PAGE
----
'Painted Woman' review: Not your average western

David Thomas Jenkins, left, and Stef Dawson perform as Vince Wagner and Julie Richards. / Photo by Priscilla Tran Photography
Amanda Corbin and Jenny Huggins
News Reporters

Keep up with "Painted Woman" online at www.facebook.com/paintedwomanfilm and www.paintedwomanfilm.com.

Editor’s Note: These reviews may contain spoilers for “Painted Woman.” The film is screening this week in Fort Smith, Ark.

Huggins: “Painted Woman” is an inspirational story of a young woman named Julie Richards, who found her voice and her strength in an impossible situation. The movie — which falls most closely into the western genre — is not your typical western.

Julie starts out as little more than a slave for a rich and influential old man. Through his mistreatment, she is forced to find the inner strength to stand up to traditional ideals of what a woman should be and she makes her own way in the world.

Julie is helped by multiple dynamic characters on her road to self discovery. Vince Wagner, a lone mustanger, offers her a view of a world she has never experienced — s world where people are kind and one in which Julie can envision a life of happiness.

Ultimately, Julie learns a universal lesson, life is never what we expect it to be. Through beautiful scenery and cinematography, Julie takes viewers on her journey and makes it feel like their own.
The most inspiring aspect of the story is that Julie learns what is really inside of her and that there are good people in the world ready to help, and she is strong enough to become one herself.


Corbin: Want a bit of everything? “Painted Woman” has it — comedy, romance, drama and action, all bound together in one western film still screening in theaters across the border in Fort Smith, Ark.

“Painted Woman” takes inspiration from Dusty Richards’ western novel “The Mustanger and the Lady.”

Producer Amber Lindley and Associate Producer Priscilla Tran spoke on Director James Cotten’s take on the film in a visit to Poteau when it screened in the local theatre, stating that Cotten “has an understanding and a sensitivity to women and our issues” and viewers would not know the film was directed by a man because Cotten “did it so well with his understanding of those kinds of experiences [of women]. “And like Tran and Lindley said, Cotten delivers.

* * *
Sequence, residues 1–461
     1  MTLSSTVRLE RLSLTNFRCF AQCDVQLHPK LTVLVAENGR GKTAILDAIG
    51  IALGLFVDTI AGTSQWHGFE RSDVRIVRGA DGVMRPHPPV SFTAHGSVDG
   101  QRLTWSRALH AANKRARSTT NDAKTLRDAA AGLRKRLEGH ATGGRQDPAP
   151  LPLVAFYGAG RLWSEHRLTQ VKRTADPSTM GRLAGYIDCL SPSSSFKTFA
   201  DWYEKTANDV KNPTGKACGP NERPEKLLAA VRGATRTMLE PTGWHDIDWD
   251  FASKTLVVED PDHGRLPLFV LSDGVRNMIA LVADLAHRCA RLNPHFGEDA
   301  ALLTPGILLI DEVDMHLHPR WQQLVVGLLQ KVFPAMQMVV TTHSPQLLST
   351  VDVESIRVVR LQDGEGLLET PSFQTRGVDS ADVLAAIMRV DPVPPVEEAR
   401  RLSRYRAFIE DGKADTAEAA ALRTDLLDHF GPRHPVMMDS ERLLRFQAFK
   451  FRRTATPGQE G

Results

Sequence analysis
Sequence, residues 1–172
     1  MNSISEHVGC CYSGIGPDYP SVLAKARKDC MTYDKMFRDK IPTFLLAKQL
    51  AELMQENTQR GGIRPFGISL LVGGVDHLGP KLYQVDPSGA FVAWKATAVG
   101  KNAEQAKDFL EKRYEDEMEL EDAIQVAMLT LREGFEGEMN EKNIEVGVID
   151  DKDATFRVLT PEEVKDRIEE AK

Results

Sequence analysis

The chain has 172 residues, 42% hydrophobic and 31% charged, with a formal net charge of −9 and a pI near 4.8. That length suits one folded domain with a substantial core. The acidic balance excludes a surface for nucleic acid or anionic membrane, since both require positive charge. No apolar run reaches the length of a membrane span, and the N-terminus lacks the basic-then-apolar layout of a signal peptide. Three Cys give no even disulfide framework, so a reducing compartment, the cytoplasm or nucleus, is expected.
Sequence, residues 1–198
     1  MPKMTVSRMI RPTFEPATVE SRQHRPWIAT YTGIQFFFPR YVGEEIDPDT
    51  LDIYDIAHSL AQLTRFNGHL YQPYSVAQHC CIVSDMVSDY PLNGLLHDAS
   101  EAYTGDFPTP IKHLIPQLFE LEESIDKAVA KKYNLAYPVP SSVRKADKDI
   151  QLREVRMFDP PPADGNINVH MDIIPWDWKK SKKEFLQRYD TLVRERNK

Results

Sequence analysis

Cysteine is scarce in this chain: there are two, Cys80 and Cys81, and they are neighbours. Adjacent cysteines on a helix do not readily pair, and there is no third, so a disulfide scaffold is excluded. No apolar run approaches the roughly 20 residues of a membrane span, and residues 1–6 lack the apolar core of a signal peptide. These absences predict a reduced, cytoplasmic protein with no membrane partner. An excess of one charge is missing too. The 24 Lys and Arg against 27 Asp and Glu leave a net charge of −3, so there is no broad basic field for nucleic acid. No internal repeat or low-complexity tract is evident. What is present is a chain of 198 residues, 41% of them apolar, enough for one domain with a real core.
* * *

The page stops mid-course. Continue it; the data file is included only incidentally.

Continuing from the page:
Julie Richards (played by Stef Dawson) escapes her life of prostitution only to find herself hunted down. She then meets what we presume to be her hero — Vince Wagner (played by David Thomas Jenkins). But the film becomes less of a hero saving the damsel in distress, and more about Julie rescuing herself as she takes the reigns of her own life.

The film also couldn’t premiere at a better time after the explosion of the social media #MeToo movement. Time Magazine announced earlier this week that the movement, whom they called “The Silence breakers,” was Time’s Person of the Year. It is a year of strong women, and Julie is undoubtedly a strong character who showcases the ability of the woman to be inspiring, unrelenting and, no doubt, empowering.

In addition to the emotional maturity of “Painted Woman,” it is visually and audibly stunning. Filmed in Oklahoma, it showcases much of our state’s natural beauty.

There is also a play with color. Taking a note from its inspiration from Richards’ novel, the film is divided into a first and second chapter, which mirror each other with the first half dark and shadowy, a representation of the unfortunate hole Julie has found herself in. When we begin the second chapter, it truly takes off like a new chapter in her life as, visually, light is allowed to expand and illuminate the film’s settings and characters.

It also plays with the ear. All the familiar sounds of the south are noted, such as the crickets in the wilderness.

The filmmakers use sound to expand or relieve tension between characters. Just as well, the dialogue feels natural and unforced, allowing for the viewer to easily become captivated with the story of Julie in her venture to survive.